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Groups - definition and basic properties


\begin{de}
A {\em group} is a set $G$\ on which a binary operation
$\ast$\ is de...
... $x^{-1}\in G$such that $x\ast x^{-1}=x^{-1}\ast x=e$.
\end{description}\end{de}


\begin{no}
The symbol one uses to denote the operation is unimportant.
When we w...
...by $-x$, rather than $x^{-1}$,
and is called the {\em negative of $x$}.
\end{no}


\begin{de}
A group $G$\ is said to be {\em commutative}, or {\em abelian},
if th...
...vity:}]
For all $x,y\in G$\ we have $x\ast y=y\ast x$.
\end{description}\end{de}


\begin{exs}
Each of the sets $\mathbb{Z}$, $\mathbb{Q}$, $\mathbb{R}$\ and $\mat...
...bb{Z}}\setminus\{0\}$are not (why?). All the above groups are abelian.
\end{exs}

Next we give two examples of finite groups. For a finite group $G$ we denote by $\vert G\vert$ the number of elements in $G$. A finite group can be given by its multiplication table (also called the Cayley table). This is a square table of size $\vert G\vert\times\vert G\vert$; the rows and columns are indexed by the elements of $G$; the entry in the row $g$ and column $h$ is $g\ast h$.


\begin{ex}
The table
\begin{displaymath}
\begin{array}{c\vert cccc}
\ast&e&a&b&c...
...led the {\em Klein four group},
and is denoted by $K_4$. It is abelian.
\end{ex}


\begin{ex}
The table
\begin{displaymath}
\begin{array}{c\vert cccccc}
\ast & e &...
...rse.)
It is not abelian, since, for example,
$p\ast q=t\neq s=q\ast p$.
\end{ex}


\begin{de}
For a group $G$, the number of elements
of $G$\ is called the {\em order} of $G$.
\end{de}

We are now going to list some basic consequences of our defining axioms for groups. First of all, we note that associativity implies that in a product of any number of elements $x_1,\ldots , x_n$ in that order, the arrangement of brackets does not matter. For example, we have $(x_1(x_2x_3))(x_4x_5)=(x_1x_2)((x_3x_4)x_5)$, since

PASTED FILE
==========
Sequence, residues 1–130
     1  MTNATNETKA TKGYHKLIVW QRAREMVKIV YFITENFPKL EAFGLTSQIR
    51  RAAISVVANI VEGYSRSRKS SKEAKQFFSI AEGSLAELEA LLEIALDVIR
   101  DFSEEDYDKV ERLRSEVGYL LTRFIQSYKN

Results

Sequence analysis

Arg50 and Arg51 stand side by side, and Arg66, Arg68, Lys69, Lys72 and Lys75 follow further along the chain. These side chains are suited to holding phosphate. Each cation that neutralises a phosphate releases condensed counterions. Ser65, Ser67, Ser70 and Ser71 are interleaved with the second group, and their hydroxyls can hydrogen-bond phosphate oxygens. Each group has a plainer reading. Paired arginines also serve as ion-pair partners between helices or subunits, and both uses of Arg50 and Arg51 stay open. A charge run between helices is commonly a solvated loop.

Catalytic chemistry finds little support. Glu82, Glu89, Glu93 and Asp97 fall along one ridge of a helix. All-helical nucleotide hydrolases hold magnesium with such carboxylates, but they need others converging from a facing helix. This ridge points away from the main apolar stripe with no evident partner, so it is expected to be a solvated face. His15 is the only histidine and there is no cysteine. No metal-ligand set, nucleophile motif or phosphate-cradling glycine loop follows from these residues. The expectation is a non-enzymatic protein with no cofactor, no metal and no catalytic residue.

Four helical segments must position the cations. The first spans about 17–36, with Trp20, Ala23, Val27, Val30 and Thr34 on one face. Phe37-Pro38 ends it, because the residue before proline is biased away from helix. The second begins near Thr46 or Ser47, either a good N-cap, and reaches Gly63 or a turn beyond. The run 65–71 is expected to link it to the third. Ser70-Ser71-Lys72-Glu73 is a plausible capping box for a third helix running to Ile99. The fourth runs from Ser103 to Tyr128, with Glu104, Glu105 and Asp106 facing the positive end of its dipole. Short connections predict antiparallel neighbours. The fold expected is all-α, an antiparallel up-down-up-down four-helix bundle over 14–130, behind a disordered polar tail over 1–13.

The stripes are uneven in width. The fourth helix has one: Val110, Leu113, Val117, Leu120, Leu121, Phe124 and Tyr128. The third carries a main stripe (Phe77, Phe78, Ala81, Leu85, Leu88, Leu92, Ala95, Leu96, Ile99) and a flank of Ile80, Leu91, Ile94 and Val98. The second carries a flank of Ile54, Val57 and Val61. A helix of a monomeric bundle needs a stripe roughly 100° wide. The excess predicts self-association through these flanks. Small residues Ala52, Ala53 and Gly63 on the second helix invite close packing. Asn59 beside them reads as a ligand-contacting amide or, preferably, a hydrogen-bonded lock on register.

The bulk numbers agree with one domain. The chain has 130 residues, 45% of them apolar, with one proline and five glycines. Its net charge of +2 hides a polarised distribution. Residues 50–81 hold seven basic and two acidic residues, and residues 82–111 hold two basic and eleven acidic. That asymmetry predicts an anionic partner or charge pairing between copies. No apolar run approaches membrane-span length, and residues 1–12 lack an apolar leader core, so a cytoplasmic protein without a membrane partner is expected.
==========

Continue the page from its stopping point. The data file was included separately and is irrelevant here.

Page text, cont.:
\begin{displaymath}
(x_1(x_2x_3))(x_4x_5)=((x_1x_2)x_3)(x_4x_5)=
(x_1x_2)(x_3(x_4x_5))=(x_1x_2)((x_3x_4)x_5).
\end{displaymath}

We can therefore omit the brackets altogether and write simply $x_1x_2\ldots x_n$. (A rigorous proof of this is a somewhat tedious induction on $n$.) This, in turn means that we can use the power notation:

\begin{displaymath}
a^n=\underbrace{aa\ldots a}_n\ (n>0).
\end{displaymath}

The existence of inverses implies that we can extend this (as we do in $\mathbb{Q}$) to

\begin{displaymath}
a^0=e,\ a^{-n}=(a^{-1})^n.
\end{displaymath}

With this in mind, we have the following natural rules:

\begin{eqnarray*}
&&
a^i a^j=a^{i+j},\\
&&
(a^i)^j=a^{ij}.
\end{eqnarray*}



The proof follows straight from the definition, but one has to consider all possible cases, depending on the signs of $i$ and $j$.


\begin{thm}
The following statements are true in any group $G$.
\begin{itemize}
...
...(a_1a_2\ldots a_n)^{-1}=a_n^{-1}\ldots a_2^{-1}a_1^{-1}$.
\end{itemize}\end{thm}


\begin{proof}
(i)
$e=xx^{-1}=(e_1x)x^{-1}=e_1(xx^{-1})=e_1e=e_1$.
\par (ii)
$y=e...
...dots
=a_n^{-1}\ldots a_2^{-1}a_1^{-1},
\end{displaymath}as required.
\end{proof}


next up previous contents
Next: Modular arithmetic Up: MT2002 Algebra Previous: Introduction   Contents

Edmund F Robertson

11 September 2006